5. On 3 July 1958, Avinash Chandra Sanjar was served with a charge-sheet and was asked to show cause why he should not be punished for his misbehaviour. It is necessary to quote the charge which runs thus:
Charges: 'Incivility to public, under Rule 1708 (v). in that you used disgraceful language towards Sri M.L. Dwivedi, M.F. and assaulted him at Mahoba station on 28 May 1958, when the said Member of Parliament Sri M.L. Dwivedi was standing near the exit gate.
6. The petitioner was asked to submit his reply within seven days, but instead of Bending his explanation he requested that a copy of the complaint made by Sri Dwivedi at Mahoba railway station be supplied to him. This request was rejected by the Divisional Superintendent on the ground that, to quote his own words:
The charge-sheet is very clear and specific charges have been levelled against you.
It is common ground that the petitioner submitted no explanation, but defended himself in the inquiry which followed.
7. Five witnesses were examined by the inquiry officer--
(1) The petitioner;
(2) Binda Singh Khushwaha who was the ticket collector on duty when the incident took place;
(3) M.P. Sinha, the assistant station-master on duty at Mahoba station;
(4) Jassn, a pointsman who was present on the platform when the incident occurred; and
(5) B.L. Sinha, who was the guard of 523 Down when it was standing at Mahoba railway station.
8. The petitioner, in his evidence, denied his guilt completely and asserted that he was not the person who was involved in the altercation with Sri Dwivedi. He admitted that he was travelling in the same train but asserted that he was asleep in his compartment and knew nothing of what had happened outside. The ticket collector Binda Singh Khushwaha deposed that there was an incident between Sri Dwivedi and an unknown gentleman. But he clearly stated he could not recognize that person. The assistant station-master, M.P. Sinha deposed that Sri Dwivedi had made a complaint against some person who had misbehaved against him, but said that he was unable to recognize him. He plainly stated, in reply to a direct question from the tribunal, that Avinash Chandra Sanjar was not the man. The pointsman Jassu had not witnessed the actual incident but stated that Sri Dwivedi bad asked him the whereabouts of the station-master and had also directed him (Jassu) to request the assistant station-master to detain the train till the guilty person was found. The guard of the train, B.L. Sinha was not an eye-witness of the incident but of what might be properly described in the law of evidence as res gestae. He deposed that he heard Sri Dwivedi accusing the assistant station-master of having allowed a person to escape after having insulted him. Thereupon the guard volunteered his services. Meanwhile, the other passengers, were getting impatient because the train was being detained for a case in which they were not interested, and one of the passengers actually told Sri Dwivedi not to harass the assistant station-master. The guard could throw very little light on the identity of the accused person and expressly stated that Avinash Chandra Sanjar was not the man.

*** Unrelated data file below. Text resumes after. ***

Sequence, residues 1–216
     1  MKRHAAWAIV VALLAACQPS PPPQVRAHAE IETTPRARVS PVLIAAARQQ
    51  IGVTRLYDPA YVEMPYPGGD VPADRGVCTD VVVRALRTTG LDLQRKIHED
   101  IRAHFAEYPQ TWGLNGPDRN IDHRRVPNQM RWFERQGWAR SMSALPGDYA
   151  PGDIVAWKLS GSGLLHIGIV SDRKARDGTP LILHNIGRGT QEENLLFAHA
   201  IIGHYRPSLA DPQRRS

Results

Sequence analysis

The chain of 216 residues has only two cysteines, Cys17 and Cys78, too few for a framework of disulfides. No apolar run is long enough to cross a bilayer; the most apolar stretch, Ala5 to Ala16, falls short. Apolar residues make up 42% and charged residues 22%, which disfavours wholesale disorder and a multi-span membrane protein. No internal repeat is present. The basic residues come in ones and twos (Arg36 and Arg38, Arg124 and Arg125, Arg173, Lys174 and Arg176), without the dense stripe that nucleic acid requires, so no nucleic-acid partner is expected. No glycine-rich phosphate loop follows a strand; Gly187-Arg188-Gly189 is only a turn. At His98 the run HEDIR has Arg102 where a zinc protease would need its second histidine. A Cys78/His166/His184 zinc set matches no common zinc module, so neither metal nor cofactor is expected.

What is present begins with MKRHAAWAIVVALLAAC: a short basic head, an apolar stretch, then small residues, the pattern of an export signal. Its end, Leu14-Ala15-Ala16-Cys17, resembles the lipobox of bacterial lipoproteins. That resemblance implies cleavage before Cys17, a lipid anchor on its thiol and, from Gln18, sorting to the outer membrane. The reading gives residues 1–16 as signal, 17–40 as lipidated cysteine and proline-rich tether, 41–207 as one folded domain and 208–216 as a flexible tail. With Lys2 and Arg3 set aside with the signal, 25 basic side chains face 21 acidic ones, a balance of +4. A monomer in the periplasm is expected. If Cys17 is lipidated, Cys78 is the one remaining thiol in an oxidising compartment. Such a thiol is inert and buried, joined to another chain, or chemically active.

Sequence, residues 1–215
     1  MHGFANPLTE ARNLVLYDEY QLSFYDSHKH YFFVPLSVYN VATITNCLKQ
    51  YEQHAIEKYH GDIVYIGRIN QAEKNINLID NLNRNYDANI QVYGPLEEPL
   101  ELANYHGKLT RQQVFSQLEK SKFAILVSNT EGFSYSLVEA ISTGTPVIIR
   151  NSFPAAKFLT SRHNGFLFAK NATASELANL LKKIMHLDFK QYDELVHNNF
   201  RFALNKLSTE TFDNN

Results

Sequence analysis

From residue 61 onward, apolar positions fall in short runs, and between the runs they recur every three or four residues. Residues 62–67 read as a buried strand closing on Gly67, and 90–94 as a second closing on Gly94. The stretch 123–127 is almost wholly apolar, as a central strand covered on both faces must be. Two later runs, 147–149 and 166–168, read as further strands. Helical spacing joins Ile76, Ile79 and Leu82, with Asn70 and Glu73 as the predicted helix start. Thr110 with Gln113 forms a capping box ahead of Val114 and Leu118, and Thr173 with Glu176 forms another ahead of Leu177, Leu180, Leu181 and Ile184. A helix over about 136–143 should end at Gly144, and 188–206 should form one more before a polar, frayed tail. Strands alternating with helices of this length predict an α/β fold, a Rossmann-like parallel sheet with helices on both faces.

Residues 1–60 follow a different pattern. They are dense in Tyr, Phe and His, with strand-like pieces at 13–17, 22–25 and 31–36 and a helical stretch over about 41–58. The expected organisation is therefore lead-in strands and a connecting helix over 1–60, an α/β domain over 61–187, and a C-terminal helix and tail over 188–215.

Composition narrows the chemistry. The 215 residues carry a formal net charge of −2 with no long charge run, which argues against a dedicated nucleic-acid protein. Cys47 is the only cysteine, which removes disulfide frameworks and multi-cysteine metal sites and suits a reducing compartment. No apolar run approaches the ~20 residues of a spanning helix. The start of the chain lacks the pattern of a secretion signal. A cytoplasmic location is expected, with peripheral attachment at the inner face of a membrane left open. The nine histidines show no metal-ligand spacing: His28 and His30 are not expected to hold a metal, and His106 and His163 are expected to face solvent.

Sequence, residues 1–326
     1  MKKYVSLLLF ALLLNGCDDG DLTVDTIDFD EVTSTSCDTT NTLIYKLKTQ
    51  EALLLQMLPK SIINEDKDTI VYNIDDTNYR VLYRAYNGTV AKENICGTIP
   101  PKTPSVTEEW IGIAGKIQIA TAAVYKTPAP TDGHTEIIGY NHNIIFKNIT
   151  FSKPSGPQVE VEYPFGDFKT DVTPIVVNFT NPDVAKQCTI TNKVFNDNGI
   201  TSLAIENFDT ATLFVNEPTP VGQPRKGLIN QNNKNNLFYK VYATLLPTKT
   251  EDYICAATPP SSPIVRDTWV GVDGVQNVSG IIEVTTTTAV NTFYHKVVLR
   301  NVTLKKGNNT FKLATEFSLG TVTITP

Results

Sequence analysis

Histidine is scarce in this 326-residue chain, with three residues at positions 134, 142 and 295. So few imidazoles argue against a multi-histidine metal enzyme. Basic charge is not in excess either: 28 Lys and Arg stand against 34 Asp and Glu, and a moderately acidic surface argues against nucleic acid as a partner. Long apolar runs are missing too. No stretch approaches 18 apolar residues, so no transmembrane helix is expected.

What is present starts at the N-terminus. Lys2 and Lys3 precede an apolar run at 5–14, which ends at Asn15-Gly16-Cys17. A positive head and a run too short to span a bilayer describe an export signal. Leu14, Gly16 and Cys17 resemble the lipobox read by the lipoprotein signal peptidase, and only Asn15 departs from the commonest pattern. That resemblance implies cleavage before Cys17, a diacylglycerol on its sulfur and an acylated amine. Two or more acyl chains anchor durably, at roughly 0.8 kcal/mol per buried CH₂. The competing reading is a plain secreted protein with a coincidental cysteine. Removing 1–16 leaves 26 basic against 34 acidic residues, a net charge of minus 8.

9. The inquiry officer, on this evidence, held the petitioner guilty of the charge of incivility to Sri M.L. Dwivedi, but not guilty of the charge of having assaulted him, He gave his reasons for his finding which run into six typed pages. He disbelieved all the railway officials who had deposed that they were unable to recognize the petitioner as the offending person and observed that a deliberate attempt had been made to shield the petitioner. He mainly relied on the identification of the petitioner as the guilty person by Sri Dwivedi at the interview at Harpalpur railway station. The inquiry officer observed that during the altercation Sri Dwivedi 'marked carefully' the person to be able to recognize him.
10. On the findings of the inquiry officer, the petitioner was asked to show cause why he should not be removed from service. He sent a long explanation in which he pointed out that the inquiry was not fairly conducted and that material documents had been withheld from him. He denied that he was the person involved in the incident and reiterated his innocence. His explanation was, however, rejected and on 15 October 1958, the Divisional Superintendent, Jhansi, passed an order removing him from service 'for incivility.' The petitioner submitted an appeal against this decision to the Chief Commercial Superintendent, Bombay, who declined to interfere with the order of removal. The petitioner has now come to this Court for relief.
11. Sri Jagdish Swarup, learned Counsel for the railway has raised two preliminary objections that the petition is not maintainable. First, he contended that the order of removal had merged in the order of the Chief Commercial Superintendent, Bombay, who had dismissed the petitioner's appeal. This Court, he pointed out, had no jurisdiction to issue any order under Article 226 to an official who admittedly resides and functions in Bombay. In brief, the argument is, that the petitioner asked for relief from the wrong High Court.